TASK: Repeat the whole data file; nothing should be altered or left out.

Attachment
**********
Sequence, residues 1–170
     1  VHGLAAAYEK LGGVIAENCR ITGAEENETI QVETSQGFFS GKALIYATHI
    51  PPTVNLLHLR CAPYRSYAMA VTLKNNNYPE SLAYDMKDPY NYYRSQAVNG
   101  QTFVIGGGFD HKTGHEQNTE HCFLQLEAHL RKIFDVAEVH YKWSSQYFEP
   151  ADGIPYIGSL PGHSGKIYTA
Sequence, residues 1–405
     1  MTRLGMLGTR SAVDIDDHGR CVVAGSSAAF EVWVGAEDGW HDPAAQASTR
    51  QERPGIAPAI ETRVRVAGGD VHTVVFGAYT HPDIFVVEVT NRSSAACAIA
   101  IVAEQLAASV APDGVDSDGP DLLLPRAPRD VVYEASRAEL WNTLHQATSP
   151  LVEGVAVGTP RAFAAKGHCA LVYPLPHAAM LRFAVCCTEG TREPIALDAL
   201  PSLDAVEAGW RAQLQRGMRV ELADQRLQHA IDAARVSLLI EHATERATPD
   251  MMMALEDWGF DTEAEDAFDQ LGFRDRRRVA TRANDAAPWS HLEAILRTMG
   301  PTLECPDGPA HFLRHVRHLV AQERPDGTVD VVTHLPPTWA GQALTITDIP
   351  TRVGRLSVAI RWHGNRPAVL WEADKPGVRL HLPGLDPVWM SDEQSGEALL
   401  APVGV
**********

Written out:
Sequence, residues 1–170
     1  VHGLAAAYEK LGGVIAENCR ITGAEENETI QVETSQGFFS GKALIYATHI
    51  PPTVNLLHLR CAPYRSYAMA VTLKNNNYPE SLAYDMKDPY NYYRSQAVNG
   101  QTFVIGGGFD HKTGHEQNTE HCFLQLEAHL RKIFDVAEVH YKWSSQYFEP
   151  ADGIPYIGSL PGHSGKIYTA
Sequence, residues 1–405
     1  MTRLGMLGTR SAVDIDDHGR CVVAGSSAAF EVWVGAEDGW HDPAAQASTR
    51  QERPGIAPAI ETRVRVAGGD VHTVVFGAYT HPDIFVVEVT NRSSAACAIA
   101  IVAEQLAASV APDGVDSDGP DLLLPRAPRD VVYEASRAEL WNTLHQATSP
   151  LVEGVAVGTP RAFAAKGHCA LVYPLPHAAM LRFAVCCTEG TREPIALDAL
   201  PSLDAVEAGW RAQLQRGMRV ELADQRLQHA IDAARVSLLI EHATERATPD
   251  MMMALEDWGF DTEAEDAFDQ LGFRDRRRVA TRANDAAPWS HLEAILRTMG
   301  PTLECPDGPA HFLRHVRHLV AQERPDGTVD VVTHLPPTWA GQALTITDIP
   351  TRVGRLSVAI RWHGNRPAVL WEADKPGVRL HLPGLDPVWM SDEQSGEALL
   401  APVGV